Michael Mitchel:             

When we talk about credibility with a board, for me, two sets of numbers come to mind, the hard numbers, sales is reporting up what they brought in, development is reporting what they spent on [00:13:30] X, HR on talent and so forth. So those numbers don’t lie, assuming the numbers coming in, right? Garbage in-

Eric Lougher:                     

Right-

Michael Mitchel:             

… garbage out-

Eric Lougher:                     

Sure. Sure.

Michael Mitchel:             

But then you got the modeling aspect which could be more strategic, forward thinking, for example. And then you go to the board and say, “We want to invest X amount of capital for this, and here’s a model.” And now you’re putting credibility on based on these modeling assumptions. [00:14:00] How does that make you feel? What are your thoughts on that?

Eric Lougher:                     

I think you earn credibility with the board in a variety of ways, over time, in each interaction being able to speak intelligently about the business and how you’re thinking about it. I’ve always taken an approach, too, where when I’m in those board meetings and they’re asking questions about the financials that you do know those numbers very well. And so if they ask about something that’s not on the page and you can recite it, I think [00:14:30] it’s a subtle thing that does buy you credibility.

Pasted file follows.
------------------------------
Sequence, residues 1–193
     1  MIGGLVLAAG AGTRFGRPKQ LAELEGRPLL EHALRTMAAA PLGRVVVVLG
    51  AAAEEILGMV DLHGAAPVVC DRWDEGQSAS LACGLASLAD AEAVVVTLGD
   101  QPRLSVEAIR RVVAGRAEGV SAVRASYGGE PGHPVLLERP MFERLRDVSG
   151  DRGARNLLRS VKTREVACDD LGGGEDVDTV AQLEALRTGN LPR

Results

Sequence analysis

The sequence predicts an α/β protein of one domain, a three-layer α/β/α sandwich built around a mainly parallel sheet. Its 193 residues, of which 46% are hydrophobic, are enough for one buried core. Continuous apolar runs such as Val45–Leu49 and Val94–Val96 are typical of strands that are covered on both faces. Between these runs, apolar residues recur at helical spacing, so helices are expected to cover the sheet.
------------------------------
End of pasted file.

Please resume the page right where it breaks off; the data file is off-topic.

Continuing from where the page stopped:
When they see the numbers they start to believe that you have really thought through them, knowing that all your assumptions for the future look and stuff are going to be wrong. But also, I think if you can also get better at forecasting to where you’re not continuously missing numbers, but you’re very close to the numbers that you’re telling them, that also is an art in terms of expectation setting and aligning then, as an internal team, how we then go make sure that we deliver [00:15:00] on the promises and the things that we said we were going to go do.

Michael Mitchel:             

Because we’ve talked about this a little bit before, during this interview or prior, but there is an art to the board relationship as a CFO. Yes, the CEO is the point. And you always want to make sure that the two top leaders … Well, I’m not trying to diss the COO, the CFO and the CEO are on point, on message with the board. But the CEO, I think, can [00:15:30] tend to be a little more optimistic on strategy and direction at a company. And so the board will look to the CFO saying, “Okay, that’s great hearing from her.”

Eric Lougher:                     

Right.

Michael Mitchel:             

“But, come on, Eric, what’s-

Eric Lougher:                     

Yeah-

Michael Mitchel:             

… the real story-

Eric Lougher: